Addiction is a serious and often terrifying disease that takes over the entire life of an addict. There is no such thing as a "typical addict" and even people who have been married for quite some time may find that their partner has begun to spiral into alcoholism.
It can be very emotionally draining for the loved one of an addict to attempt to process and make sense of the many feelings that come with being married to an alcoholic. One of the most difficult things in dealing with a spouse who is an alcoholic is knowing exactly how to talk to them about it.
Here are a few tips for how to talk to your alcoholic spouse.
Be Willing to Experience Some Discomfort
Confronting anyone about their addictive behavior is no easy feat, and talking to a spouse who is addicted to alcohol can be even more challenging because of the fact that there are so many feelings involved. You and your partner have a long history together, and the reality is that emotions are going to run deep.
Acknowledge that some discomfort will be inevitable, as you are going to have to say things to your spouse that they do not want to hear. Do not let the prospect of discomfort deter you from making your feelings about their addiction known.
2. Wait Until They Are Sober to Speak With Them
This can be difficult for a number of reasons. If your partner is drinking most of the time, their moments of sobriety may be few and far between. You may not want to spend the time that they are not drinking engaged in serious conversation.
They may also be very hungover or in a bad mood when they have not been drinking. It is still important to wait until your partner is sober before speaking with them because if they are drunk, they are much more likely to be irrational and angry.
They will also very likely not remember speaking with you at all.
3. Use Compassion
Remember that alcoholism is a disease and that your partner is experiencing many of the same fears and frustrations that you are. A person who is suffering from alcoholism is subject to feelings of helplessness, guilt, anger and shame, and without treatment, it may be very difficult and even impossible for your partner to stop using.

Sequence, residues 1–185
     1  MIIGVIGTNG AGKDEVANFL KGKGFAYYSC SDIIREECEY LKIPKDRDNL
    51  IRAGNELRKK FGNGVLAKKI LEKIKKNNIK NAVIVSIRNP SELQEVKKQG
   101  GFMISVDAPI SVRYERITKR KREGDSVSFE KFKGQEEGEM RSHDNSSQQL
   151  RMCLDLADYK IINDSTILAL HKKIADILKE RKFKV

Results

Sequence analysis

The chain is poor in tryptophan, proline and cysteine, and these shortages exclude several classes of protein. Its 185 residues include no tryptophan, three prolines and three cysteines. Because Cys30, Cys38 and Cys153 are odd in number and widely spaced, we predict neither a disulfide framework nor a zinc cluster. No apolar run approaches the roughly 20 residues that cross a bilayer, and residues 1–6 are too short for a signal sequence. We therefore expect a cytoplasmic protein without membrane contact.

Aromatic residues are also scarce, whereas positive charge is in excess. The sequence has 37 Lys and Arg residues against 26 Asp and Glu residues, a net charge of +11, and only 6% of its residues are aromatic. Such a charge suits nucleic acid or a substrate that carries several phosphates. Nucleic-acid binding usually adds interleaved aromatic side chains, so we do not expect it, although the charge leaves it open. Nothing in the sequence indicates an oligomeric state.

When you speak with them, bear in mind that this is difficult for both of you.
4. Avoid Blaming Your Spouse
It is very common for the partners of alcoholics to feel anger and sadness because of their spouse's behavior. When a person is under the influence of drugs or alcohol, they often behave in ways that they never would sober, and may become mean and insulting.
Know that you are justified in feeling upset by this kind of behavior, but try to keep the conversation focused on how this makes you feel, rather than attacking your spouse or blaming them for their drinking problem.
5. Keep the Conversation Positive
As emotions run high, it is easy for the conversation to escalate to a place where one party threatens breaking up or separating. Rather than allowing this to happen, keep the conversation centered on your belief that your spouse needs and deserves help.
Offer to do whatever it takes to get them into a recovery program and reiterate that you believe in them and know that when they get help, they will be able to find sobriety. Tell them how much you look forward to a sober life with them and stress that you are here to support them.